Cooking well is what the little old woman in front of me does. She has approximately five teeth, one good eye, and two hands that orchestrate the movement of nearly sixty gargantuan shrimp on the grill in front of her. Her vocabulary and mine don’t overlap at all, but she knows what I want, and she smiles as I watch her work.
Those are not shrimp she’s grilling, actually, but river prawns plucked from the Chao Phraya River here in Bangkok. From left to right in front of her, the crustacean color spectrum goes from a raw, translucent blue to a charcoal-kissed coral. If the fire gets too low – below what is left of her eyebrows – she grabs a small bellows and blasts it back up. I laugh to myself when I compare her stature to that of the ogres I’ve seen work the grill station back home. And I practically giggle with delight when I taste what she’s made. Smoky, juicy, and plump on their own, the prawns are better still dunked in a fiery sauce that could not have been much more than just fish sauce, vinegar, and some bird’s eye chilies.
It’s a bittersweet moment, for she might not be back in this same spot tomorrow, and I know I won’t be. I’ll be on a plane back home, where the shrimp are a little smaller; the cooks, a little bigger; and the exhaust fumes from the cars and the grill smoke of the sidewalk food vendors might not mingle in the same, beautiful way. Continue reading
If one has to experience heartbreak to appreciate love, then I think I’ve earned this dessert. For the first time tonight, my eyebrows climb halfway up my forehead. I’m feeling things I’ve not felt before.
Until I met this custard — spiked with hyper-sour sudachi, its sugars gently burnt — I thought I had the food here all figured out. Now I’m grasping at fireflies. Ginger, cashew and nasturtium seem to glow and dissipate at random. Along with the citrus, they flicker between sweet and spicy, nutty and smoky, creamy and — yes — bitter. It’s that last one that I’ve been chasing all night.
This dessert is the eighth of nine courses at a restaurant called Grace. Along with the six months I’ve waited since this place opened, that feels like a generous enough grace period. Continue reading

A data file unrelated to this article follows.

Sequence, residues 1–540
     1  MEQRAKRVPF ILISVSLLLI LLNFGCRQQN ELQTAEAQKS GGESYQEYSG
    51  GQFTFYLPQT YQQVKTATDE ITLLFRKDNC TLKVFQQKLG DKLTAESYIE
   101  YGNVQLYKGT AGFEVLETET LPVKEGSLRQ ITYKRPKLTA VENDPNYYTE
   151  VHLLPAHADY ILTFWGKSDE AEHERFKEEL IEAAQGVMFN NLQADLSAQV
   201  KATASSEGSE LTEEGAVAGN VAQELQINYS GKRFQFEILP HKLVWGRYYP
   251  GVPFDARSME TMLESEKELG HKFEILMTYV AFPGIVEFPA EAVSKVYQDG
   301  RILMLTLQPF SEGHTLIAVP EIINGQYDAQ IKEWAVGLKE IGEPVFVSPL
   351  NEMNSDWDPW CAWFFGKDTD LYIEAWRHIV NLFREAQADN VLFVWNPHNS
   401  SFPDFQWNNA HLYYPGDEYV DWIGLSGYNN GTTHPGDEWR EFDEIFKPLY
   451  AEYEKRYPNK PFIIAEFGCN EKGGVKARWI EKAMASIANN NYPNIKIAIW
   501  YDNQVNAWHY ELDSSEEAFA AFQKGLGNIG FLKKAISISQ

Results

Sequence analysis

Posted in United States
Tagged alinea, avenues, bobby schaffer, charlie trotter, chicago, chicago tribune, curtis duffy, fauna, flora, grace, jura, kevin pang, michael muser, michael olszewski, murgo, nerello mascalese, nicholas romero, tissot, traminer, trio
The first time I went to Italy was in 2007. I gained thirty pounds in nine weeks.
“Quattordici chili,” a pudgy-cheeked version of me would boast, as if saying the words in Italian made them somehow meritorious. I dropped two pants sizes — first 30, then 32 — before the trip’s end. And I ate in my first Michelin three-starred restaurant in jeans, because slacks were by then an impossible dream. Moderation has always been a problem for me.
Over time I’ve learned that in Rome there is no moderating guanciale. Tonight at Cesare al Casaletto I encounter the first piece, thick like tree bark, leaned casually against a plump pile of tonnarelli like the bouncer at a nightclub door — the carbonara gatekeeper. I dodge it at first, not to avoid the precious pork but to skewer it last, with a swirl of noodles. A fine varnish of egg yolk, pecorino and pepper holds it together. The bite looks, I reckon, just about perfect. But it’s not for me — it’s for a girl back home. She loves carbonara. Continue reading
Posted in Italy
Tagged cacio e pepe, carbonara, casareccia, cesare, cesare al casaletto, christopher johnson mccandless, coratella, cucina romana, da cesare, gricia, guanciale, involtini, italia, italy, katie parla, katie parla's rome, leonardo vignoli, monteverde, natural wine, parlafood, roma, rome, the rome digest, trattoria